I noticed that the site used to have an Elevator Action theme — how much of your hobby comes from videogames?

About half. Half comes from 2600, the magazine about hacking, and half comes from videogame cheat books. Playing the game was fun, but reading the cheat books was really fun. I wanted to write cheat books for exploring real places.

Final comments?

I get a real kick out of there not only being rooftops to explore, but drains and boiler rooms. But if it was up to me, the only goal would be to take pictures of these things and leave.


Leave a Reply

  • Support The Gutter

  • The Book!

  • Of Note Elsewhere

    There’s a free audio book adaptation of Joe Hill and Gabriel Rodriguez’ Locke & Key at


    At Actionland, Heroic Sister Achillesgirl writes about subtitling the 1964 wuxia film, Buddha Palm. And she provides you with the subtitles and a link to the film!


    At Bleeding Cool, Cap Blackard writes about the contested homeworld of Howard the Duck. “If you’ve seen the much maligned Howard the Duck film or read any Howard the Duck stories published since 1979, you’re probably familiar with the concept of Duckworld. You know, an alternate Earth where everyone is ducks and everything is duck-themed: Ducktor Strange, Bloomingducks, etc, etc. Sounds like a recipe for a finite barrel of bad jokes, right? It is, and it’s also not Howard’s real point of origin. During his landmark initial run, Howard’s creator Steve Gerber had the down-and-out duck hailing from a world of talking animals, but all that changed when Gerber was kicked off the book and Disney flashed a lawsuit. Now, after decades of backstory fumbling, Mark Waid has reinstated Howard’s point of origin in a one-shot issue of S.H.I.E.L.D.” (Thanks, Mark!)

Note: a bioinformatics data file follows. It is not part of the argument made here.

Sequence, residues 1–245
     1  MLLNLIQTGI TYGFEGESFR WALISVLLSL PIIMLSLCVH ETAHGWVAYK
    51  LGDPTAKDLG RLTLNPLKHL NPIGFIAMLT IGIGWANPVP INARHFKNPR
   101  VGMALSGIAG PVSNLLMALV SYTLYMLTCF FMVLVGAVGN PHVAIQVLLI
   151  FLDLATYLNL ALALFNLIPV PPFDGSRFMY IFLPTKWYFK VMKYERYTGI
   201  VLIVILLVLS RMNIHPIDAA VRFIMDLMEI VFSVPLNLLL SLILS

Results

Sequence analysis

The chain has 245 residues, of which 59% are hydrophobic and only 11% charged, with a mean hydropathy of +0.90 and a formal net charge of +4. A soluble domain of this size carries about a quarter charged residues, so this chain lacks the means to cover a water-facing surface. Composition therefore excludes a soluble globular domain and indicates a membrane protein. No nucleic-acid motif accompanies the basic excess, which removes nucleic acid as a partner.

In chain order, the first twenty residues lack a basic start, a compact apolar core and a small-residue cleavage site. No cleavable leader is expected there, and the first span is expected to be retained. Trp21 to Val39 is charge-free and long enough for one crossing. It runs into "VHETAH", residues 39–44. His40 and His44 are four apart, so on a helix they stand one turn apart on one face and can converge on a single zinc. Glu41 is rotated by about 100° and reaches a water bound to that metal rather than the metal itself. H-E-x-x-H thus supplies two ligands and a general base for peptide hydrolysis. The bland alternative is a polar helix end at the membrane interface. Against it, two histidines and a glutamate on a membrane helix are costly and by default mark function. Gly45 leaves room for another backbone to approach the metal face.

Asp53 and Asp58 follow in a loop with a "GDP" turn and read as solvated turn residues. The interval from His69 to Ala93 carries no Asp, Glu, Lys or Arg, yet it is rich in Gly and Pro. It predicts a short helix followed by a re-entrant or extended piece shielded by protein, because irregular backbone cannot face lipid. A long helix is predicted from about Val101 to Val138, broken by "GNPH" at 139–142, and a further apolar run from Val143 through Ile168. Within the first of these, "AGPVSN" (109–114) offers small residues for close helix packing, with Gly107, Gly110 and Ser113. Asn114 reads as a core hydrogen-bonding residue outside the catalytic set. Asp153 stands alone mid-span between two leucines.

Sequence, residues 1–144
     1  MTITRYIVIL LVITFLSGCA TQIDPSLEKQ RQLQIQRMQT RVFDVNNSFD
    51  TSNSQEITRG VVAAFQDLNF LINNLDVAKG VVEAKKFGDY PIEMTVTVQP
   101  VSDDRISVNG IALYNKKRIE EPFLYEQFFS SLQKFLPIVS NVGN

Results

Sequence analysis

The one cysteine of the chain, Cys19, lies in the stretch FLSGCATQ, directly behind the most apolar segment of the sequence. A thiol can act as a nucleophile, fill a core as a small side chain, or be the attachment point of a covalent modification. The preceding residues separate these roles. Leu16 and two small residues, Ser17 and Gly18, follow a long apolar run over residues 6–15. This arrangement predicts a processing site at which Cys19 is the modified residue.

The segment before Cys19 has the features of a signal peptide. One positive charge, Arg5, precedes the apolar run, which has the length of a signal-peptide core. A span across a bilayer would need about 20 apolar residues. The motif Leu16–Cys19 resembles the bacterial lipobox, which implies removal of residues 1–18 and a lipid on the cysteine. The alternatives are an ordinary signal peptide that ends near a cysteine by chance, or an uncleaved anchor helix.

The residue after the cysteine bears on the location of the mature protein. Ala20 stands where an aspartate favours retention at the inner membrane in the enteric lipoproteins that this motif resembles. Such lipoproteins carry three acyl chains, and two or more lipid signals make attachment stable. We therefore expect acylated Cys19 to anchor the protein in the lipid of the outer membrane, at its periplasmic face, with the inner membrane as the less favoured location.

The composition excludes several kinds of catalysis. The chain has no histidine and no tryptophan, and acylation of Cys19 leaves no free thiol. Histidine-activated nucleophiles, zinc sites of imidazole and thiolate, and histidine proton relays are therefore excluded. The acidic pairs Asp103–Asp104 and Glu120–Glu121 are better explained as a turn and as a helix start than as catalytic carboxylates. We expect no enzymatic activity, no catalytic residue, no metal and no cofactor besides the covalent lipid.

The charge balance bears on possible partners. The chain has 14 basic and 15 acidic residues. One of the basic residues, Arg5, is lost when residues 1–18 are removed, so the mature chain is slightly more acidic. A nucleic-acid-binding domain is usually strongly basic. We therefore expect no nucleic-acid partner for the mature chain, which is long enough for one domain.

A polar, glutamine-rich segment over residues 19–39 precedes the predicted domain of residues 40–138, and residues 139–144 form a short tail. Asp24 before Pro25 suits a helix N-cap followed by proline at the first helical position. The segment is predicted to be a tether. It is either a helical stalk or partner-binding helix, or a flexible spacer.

At The Village Voice, Jackson Connor writes about the making of The Warriors. Amid the refurbished boardwalk and laughter of children, it’s easy to forget that Coney Island was once a place where tourists did not venture. For much of the latter half of the twentieth century, street gangs dominated this neighborhood. They ran rampant through the area’s neglected housing projects, tearing along Surf and Neptune avenues toward West 8th Street. Those gangs, or gangs like them, and that incarnation of Coney Island would form the backbone of author Sol Yurick’s 1965 debut novel, The Warriors, about the young members of a street gang. More than a decade after the novel’s publication it would be optioned and, eventually, turned into a major motion picture of the same name.” (via @pulpcurry)


    Edith Garrud taught Suffragettes jiu-jitsu and formed Emmeline Pankhurst’s Bodyguard. “The first connection between the suffragettes and jiu-jitsu was made at a WSPU meeting. Garrud and her husband William, who ran a martial arts school in London’s Golden Square together, had been booked to attend. But William was ill, so she went alone. ‘Edith normally did the demonstrating, while William did the speaking,’ says Tony Wolf, writer of Suffrajitsu, a trilogy of graphic novels about this aspect of the suffragette movement. ‘But the story goes that the WSPU’s leader, Emmeline Pankhurst, encouraged Edith to do the talking for once, which she did.'”


    At Playboy, Jake Rossen writes about the story behind the filming and the restoration of Manos: The Hands of Fate. “For a long time no one wanted to see it unless it was accompanied by MST3K’s taunts. Then, in 2011, a collector of film prints uncovered the original negative of Manos and embarked on an inexplicable project to restore the film with all the white-glove attention archivists give to Hollywood classics. His efforts would incur the wrath of a mysterious man with a fake New Zealand accent named Rupert, as well as Joe Warren, Hal Warren’s embittered son, who intends to preserve the Manos legacy at all costs.” (Thanks, Ed!)


  • Spilling into Twitter

  • Obsessive?

    Then you might be interested in knowing you can subscribe to our RSS feed, find us on Facebook and follow us on Twitter or Tumblr.


  • Weekly Notifications

  • What We’re Talking About

  • Thanks To

    No Media Kings hosts this site, and Wordpress autoconstructs it.

  • %d bloggers like this: